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Crow Fair

Crow Fair by Thomas McGuane
Mar 03, 2015 | 288 Pages
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    Mar 08, 2016 | 288 Pages

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    Mar 03, 2015 | 288 Pages

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    Mar 03, 2015 | 288 Pages

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“Mysterious and illuminating . . . [McGuane] alternately pounds, kneads, works and reworks his material, shedding his tears into it and wrenching away, peeling and scraping it off his hands in a fruitless attempt to escape; then, wretched but indefatigable, going back to knead it again. This obsessive labor seems to change the molecular structure of the substance, from clay to a kind of porcelain . . . [McGuane] has honed a kind of bluff Western comedy of masculinity [and] turns muck into art, which takes wing in flights of ingenuity.”
—Atticus Lish, The New York Times Book Review
“Dazzling . . . McGuane rustles up some of his best stories yet . . . [and] continues to burnish his reputation with some of his most accomplished fiction to date.”
—O Magazine
“One of McGuane’s great gifts is the ability to elicit laughter in dark moments or to jolt the reader of an ostensibly comic tale with a knife twist of pathos or tragedy . . . the only thing [the reader] can expect is to be surprised – by McGuane’s deadpan wit, his hyperactive imagination, and his deep appreciation for the human comedy . . . [Crow Fair] serves not merely to make us gape or laugh at man’s essential weirdness but also to recognize a bit of it in ourselves.”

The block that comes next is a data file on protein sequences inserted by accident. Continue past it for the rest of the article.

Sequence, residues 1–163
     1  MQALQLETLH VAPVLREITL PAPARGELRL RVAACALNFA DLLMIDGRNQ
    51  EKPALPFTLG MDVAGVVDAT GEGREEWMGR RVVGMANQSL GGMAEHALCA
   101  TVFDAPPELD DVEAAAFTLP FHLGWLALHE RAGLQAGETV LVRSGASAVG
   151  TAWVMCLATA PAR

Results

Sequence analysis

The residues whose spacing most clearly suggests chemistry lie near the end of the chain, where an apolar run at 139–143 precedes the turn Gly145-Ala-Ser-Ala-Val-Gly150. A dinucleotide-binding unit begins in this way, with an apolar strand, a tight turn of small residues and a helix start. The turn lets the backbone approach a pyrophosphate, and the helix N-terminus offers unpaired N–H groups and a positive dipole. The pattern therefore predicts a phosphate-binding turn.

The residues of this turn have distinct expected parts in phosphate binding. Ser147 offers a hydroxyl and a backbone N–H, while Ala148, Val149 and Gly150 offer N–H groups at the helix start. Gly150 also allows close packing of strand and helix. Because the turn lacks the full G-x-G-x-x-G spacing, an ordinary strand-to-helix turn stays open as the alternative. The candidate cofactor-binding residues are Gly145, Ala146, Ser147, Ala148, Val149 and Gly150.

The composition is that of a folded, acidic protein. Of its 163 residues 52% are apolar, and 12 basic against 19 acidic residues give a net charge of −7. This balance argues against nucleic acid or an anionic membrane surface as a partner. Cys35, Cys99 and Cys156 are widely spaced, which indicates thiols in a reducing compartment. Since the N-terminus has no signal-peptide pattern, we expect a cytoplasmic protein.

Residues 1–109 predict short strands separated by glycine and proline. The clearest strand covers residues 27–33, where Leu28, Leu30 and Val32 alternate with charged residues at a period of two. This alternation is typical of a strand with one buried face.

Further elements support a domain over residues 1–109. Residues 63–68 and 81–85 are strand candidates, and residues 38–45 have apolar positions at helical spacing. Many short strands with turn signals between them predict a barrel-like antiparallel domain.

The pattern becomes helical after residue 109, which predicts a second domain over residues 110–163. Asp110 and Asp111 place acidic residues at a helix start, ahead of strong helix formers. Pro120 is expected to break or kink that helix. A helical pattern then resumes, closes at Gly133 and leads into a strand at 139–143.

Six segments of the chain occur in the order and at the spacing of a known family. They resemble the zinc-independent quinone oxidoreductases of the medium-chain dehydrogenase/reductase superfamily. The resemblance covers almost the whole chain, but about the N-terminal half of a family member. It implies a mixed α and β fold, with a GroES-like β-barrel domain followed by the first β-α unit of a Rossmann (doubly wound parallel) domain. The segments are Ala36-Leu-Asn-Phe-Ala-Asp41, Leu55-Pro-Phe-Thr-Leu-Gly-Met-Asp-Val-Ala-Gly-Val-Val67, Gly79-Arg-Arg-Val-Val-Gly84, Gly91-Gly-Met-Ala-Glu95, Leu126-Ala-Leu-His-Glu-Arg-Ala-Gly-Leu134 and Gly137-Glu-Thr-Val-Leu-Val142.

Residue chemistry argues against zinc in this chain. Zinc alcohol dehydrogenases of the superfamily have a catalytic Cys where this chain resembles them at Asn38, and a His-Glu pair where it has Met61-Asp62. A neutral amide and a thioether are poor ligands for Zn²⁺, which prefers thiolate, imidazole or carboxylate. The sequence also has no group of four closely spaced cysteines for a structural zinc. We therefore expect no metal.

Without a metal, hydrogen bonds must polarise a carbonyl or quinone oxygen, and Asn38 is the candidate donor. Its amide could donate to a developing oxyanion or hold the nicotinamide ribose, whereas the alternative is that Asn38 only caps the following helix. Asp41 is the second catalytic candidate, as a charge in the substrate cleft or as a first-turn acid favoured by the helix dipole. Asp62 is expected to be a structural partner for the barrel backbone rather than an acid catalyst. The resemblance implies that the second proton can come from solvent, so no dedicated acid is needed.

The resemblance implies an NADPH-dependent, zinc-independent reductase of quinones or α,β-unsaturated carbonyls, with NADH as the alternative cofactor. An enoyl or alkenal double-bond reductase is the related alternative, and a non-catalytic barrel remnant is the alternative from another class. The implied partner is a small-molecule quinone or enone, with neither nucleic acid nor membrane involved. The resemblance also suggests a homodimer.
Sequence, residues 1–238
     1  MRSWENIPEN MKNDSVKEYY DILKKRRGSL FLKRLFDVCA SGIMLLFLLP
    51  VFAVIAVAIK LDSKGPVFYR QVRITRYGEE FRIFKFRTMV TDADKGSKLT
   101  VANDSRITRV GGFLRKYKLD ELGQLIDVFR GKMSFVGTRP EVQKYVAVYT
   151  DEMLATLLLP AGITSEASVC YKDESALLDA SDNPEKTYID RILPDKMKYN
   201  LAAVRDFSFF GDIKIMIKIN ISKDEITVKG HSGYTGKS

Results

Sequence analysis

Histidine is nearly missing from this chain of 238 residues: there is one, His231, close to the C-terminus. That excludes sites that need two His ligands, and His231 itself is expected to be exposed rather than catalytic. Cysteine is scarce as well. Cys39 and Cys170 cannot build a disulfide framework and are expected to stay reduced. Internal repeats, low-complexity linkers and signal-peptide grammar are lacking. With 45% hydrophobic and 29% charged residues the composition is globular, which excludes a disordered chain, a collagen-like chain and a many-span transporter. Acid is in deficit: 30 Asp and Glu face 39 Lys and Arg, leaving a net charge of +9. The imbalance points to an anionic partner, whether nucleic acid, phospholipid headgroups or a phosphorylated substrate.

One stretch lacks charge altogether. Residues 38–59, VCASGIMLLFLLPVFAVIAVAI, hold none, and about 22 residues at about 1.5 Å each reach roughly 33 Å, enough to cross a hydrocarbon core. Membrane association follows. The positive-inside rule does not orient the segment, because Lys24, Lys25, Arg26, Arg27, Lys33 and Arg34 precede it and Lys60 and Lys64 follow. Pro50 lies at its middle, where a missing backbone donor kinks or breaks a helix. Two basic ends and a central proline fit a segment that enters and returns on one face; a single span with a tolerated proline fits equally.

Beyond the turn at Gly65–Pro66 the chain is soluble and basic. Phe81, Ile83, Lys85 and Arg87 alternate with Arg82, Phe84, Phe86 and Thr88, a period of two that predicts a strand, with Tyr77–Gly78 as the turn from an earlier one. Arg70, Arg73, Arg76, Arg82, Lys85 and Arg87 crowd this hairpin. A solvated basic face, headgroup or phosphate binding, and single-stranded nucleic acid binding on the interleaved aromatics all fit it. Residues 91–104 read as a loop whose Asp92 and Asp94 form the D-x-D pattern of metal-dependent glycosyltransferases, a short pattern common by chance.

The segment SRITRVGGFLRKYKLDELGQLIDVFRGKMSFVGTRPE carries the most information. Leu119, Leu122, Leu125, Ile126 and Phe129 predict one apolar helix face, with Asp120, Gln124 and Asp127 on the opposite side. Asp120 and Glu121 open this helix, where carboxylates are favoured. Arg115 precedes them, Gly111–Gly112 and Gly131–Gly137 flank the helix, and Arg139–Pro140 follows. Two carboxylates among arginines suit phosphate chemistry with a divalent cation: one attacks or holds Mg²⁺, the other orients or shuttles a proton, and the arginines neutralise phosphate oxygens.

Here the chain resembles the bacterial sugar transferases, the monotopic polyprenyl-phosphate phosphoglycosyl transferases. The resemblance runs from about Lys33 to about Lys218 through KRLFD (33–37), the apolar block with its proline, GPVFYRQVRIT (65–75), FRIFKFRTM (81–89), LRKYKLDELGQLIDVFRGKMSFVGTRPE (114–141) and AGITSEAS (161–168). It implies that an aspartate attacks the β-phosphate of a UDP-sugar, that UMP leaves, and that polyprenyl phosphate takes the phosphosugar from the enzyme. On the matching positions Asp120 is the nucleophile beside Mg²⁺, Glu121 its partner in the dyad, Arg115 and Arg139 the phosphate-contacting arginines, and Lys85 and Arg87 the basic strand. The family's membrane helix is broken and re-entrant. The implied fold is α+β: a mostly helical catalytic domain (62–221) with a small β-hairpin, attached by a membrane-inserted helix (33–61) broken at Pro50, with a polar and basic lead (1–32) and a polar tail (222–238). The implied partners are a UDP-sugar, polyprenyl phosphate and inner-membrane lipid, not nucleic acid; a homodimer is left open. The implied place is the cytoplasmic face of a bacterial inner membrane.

—Stefan Beck, The Christian Science Monitor

“McGuane has both honed the edge of his already sharp tone and, paradoxically, become more sympathetic to the human condition . . . [he] gives us well-rounded women alongside the men, making for a rich and fascinating portrait of Montana — with hungry bears and fighting trout as wonderful extras.”
—Alan Cheuse, NPR

“McGuane’s Montana retains wistful and ironic echoes of the Old West . . . with imagery as sparse and striking as the landscape . . . [These] stories highlight the detachment of young from old, husband from wife, neighbor from neighbor, the dying from life itself . . . [through] many funny, sad, and awful, awfully human moments.”
Publishers Weekly (starred review)
“Glum, gleeful, brilliant . . . McGuane’s stories are about the wacked-out order men and women assign to things, but it’s not the true order and merely contributes to a larger confusion that is not far from horror . . . Backdoor irony, you might call it, mixed with black humor.”
—John Mort, Booklist (starred review)
“A slyly cutting batch of tales from a contemporary master . . . Seventeen stories, straightforward but well-crafted, that cement McGuane’s reputation as the finest short story writer of Big Sky country . . . The conflicts throughout this book are age-old . . . but McGuane’s clean writing and psychological acuity enliven them all.”
Kirkus (starred review)
“A compelling, emotionally charged collection.”
—Lawrence Rungren, Library Journal (starred review)

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